FIRST thing you need to do is compression-test the rest of the cylinders.
    "I" would do a leakdown test on all eight, also. Having two no-compression cylinders next to each other doesn't mean you couldn't have put holes in two pistons--or burnt the exhaust valves of two neighboring cylinders. This is--probably--a failed head gasket. Doesn't have to be, though.

    At least one cylinder head is coming off. Yeah, you might as well pull both, and get busy with the straightedge. Check both heads, check the block decks. Maybe you machine the block--maybe not. NO way to know until you check for flatness. Come to think of it...were these heads and the block decks checked for straightness when the engine was assembled?

    Something else to consider: The "HOT" light on the dashboard is triggered by a temp sensor that may not switch on until 245--260 degrees, depending on application. In some applications, GM considers 260 degrees "just" hot enough to warn the driver. DID THE COOLANT BOIL? Coolant boiling is the real measure of "overheating". That's where damage becomes fairly certain.

    DID YOU FIX THE OVERHEATING PROBLEM so this doesn't happen again?








    Unless the block needs it, too.

    The Automotive Engine Rebuilders Association, Ford, GM, have each issued notification warning against doing exactly that. The Scotchbrite abrasive gets into the engine, cannot be completely cleaned out, and then destroys the bearings. This has been well-known for years.
    http://www.holmanparts.com/wp-content/uploads/2015/09/06_GasketSurface-Cleaning_V2.pdf


    Sample From General Motors: TSB 00-06-01-012D
    NOTICE
    Do not use abrasive pad/bristle devices to clean the gasket surfaces of engine components.
    Abrasive pads should not be used for the following reasons:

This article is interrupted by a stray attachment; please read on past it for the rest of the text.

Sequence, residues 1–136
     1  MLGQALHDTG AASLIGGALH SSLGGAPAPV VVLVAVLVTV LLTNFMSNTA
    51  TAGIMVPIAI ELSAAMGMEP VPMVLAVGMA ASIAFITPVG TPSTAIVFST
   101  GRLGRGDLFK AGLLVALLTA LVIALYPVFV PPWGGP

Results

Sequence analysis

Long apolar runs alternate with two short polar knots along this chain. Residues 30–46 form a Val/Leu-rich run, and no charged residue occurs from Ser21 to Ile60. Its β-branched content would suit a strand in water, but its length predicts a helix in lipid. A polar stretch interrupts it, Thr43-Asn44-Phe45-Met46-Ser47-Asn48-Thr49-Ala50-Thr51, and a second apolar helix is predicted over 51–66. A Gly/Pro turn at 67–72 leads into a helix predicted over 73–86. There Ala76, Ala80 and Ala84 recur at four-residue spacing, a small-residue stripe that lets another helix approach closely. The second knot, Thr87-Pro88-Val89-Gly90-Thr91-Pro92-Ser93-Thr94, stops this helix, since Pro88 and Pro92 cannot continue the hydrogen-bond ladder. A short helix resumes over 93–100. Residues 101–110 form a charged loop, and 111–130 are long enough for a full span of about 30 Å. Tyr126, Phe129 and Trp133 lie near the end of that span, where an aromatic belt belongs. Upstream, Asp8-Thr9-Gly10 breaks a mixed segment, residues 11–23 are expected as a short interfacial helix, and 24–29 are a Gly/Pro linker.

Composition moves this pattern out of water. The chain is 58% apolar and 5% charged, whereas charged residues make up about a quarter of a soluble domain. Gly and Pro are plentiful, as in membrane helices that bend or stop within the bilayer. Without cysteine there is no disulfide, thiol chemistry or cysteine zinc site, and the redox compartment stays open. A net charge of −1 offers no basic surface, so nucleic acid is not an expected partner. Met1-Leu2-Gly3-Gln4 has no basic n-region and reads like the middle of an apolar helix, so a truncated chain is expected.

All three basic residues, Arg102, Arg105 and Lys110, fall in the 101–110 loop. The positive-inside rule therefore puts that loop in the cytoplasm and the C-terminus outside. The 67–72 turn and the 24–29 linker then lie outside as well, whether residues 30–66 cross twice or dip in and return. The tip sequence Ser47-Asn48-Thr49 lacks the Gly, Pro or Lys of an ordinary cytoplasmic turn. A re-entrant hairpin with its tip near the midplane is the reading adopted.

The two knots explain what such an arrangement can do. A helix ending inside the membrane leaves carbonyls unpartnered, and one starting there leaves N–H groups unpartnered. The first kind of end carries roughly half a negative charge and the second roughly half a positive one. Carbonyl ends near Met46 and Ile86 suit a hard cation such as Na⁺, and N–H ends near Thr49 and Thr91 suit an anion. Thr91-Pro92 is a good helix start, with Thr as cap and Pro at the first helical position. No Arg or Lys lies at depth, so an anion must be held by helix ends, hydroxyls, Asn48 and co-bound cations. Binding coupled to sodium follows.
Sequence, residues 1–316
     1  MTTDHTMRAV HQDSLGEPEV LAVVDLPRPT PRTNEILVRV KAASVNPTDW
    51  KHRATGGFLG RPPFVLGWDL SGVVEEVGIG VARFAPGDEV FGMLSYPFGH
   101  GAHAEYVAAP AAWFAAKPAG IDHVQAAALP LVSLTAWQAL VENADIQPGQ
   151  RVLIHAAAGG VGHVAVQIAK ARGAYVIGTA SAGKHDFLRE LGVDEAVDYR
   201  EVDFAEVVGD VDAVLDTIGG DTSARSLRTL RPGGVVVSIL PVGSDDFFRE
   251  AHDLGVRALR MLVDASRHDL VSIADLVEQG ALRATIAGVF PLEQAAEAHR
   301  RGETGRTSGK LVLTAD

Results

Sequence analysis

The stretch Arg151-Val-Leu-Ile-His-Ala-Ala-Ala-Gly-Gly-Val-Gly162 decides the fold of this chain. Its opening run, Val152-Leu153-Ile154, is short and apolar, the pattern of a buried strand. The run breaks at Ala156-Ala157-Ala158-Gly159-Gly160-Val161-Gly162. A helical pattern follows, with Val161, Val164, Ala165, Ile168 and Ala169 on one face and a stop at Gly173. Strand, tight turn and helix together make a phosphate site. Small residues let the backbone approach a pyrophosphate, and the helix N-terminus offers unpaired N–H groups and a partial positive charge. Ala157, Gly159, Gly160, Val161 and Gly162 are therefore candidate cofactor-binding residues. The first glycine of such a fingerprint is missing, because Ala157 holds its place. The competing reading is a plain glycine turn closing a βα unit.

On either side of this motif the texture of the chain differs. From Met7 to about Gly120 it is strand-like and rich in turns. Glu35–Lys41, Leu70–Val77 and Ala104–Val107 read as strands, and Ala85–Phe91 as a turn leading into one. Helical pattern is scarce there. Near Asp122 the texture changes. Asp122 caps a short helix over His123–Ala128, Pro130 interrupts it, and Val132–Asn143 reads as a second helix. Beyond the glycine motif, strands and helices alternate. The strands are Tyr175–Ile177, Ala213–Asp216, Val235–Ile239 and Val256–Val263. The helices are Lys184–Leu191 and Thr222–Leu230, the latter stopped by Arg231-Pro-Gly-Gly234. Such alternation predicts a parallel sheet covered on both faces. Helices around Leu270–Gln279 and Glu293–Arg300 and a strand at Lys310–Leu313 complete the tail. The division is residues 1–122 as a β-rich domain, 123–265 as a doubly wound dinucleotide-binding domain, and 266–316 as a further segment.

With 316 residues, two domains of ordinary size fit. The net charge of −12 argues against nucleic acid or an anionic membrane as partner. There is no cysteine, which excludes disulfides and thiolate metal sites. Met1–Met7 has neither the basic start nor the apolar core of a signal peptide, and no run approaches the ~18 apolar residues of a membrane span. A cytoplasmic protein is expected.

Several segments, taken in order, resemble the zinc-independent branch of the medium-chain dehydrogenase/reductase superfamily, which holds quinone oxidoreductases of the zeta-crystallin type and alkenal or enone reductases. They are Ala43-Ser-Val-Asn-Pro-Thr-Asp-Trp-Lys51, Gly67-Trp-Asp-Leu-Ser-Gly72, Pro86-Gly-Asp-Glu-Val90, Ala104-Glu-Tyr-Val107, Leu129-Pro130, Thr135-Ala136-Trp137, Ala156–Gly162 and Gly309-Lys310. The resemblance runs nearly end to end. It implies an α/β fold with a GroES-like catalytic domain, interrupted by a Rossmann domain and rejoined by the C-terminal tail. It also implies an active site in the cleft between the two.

• Abrasive pads will produce fine grit that the oil filter will not be able to remove from the oil.
    THIS GRIT IS ABRASIVE AND HAS BEEN KNOWN TO CAUSE INTERNAL ENGINE DAMAGE.
    Abrasive pads can easily remove enough material to round cylinder head surfaces. This has
    been known to affect the gasket’s ability to seal, especially in the narrow seal areas between
    the combustion chambers and coolant jackets.
    • Abrasive pads, wire and abrasive rubber finger wheels can also remove enough metal to
    affect cylinder head, block, oil pan rail, and intake manifold runner flatness, which can cause
    coolant and oil leaks and air leaks. It takes about 15 seconds to remove 0.203 mm (0.008 in)
    of metal with an abrasive pad.
    • Abrasive pads, Abrasive rubber fingers wheels & wire wheels with high speeds grinders
    produce air bourn debris that can travel throughout the shop contaminating other work
    being performed outside of the immediate work area.
    ©​

    On top of that, some gorilla will decide to "clean" the gasket surface--and he gets so heavy-handed with it that he'll carve waves into what used to be a flat casting. Aluminum is easy to "clean" waves into, but a real doofus can destroy iron castings, too.

    FIFY.
     
    Last edited: May 26, 2019
    MrSony likes this.
  17. MrSony

    MrSony Well-Known Member

    The engine is actually in a g body regal. The mechanical gauge read 260 before I shut it off. Coolant was boiling. The radiator is a piece of crap, and the belt was slipping. Both issues will be addressed. The engine was just a weekend garage rebuild to get my car ready before winter two years ago. Has 10k miles on the rebuild, stable oil pressure, stock bore (honed myself) with new rings, home valve job. It was pretty peppy and didn't burn much more than a pint every 3k miles. The front rope seal leaked (cut it too short. Whoops) as well so that attributed to it. NEVER smoked or anything. It was a nice engine. Crower lvl3, stock everything else save for Everyday Perf. M4mc and a TA Hei modded to the power timing thread specs. 211rwhp at 5k, 263rwftlbs at 2700.
     
  18. Schurkey

    Schurkey Silver Level contributor

    Coolant boiled? Add crack-testing to the list of things to be done by the machine shop.
     
  19. Fox's Den

    Fox's Den 22 years of racing the same 355 Buick motor

    Do a leakdown test and you will then know for sure where your problems are, very easy to use just need an air comp that can push 100 lbs.
     
  20. MrSony

    MrSony Well-Known Member

    Let it be known, the coolant has always kinda percolated at least for a few seconds after I shut the car off. This was one of those times. Sitting there off it did get to 280 on the gauge. Once I let it cool down to 200, it was perfectly fine on the hour long ride home and for the next two weeks until the hg blew after I restarted the car after airing up my tire.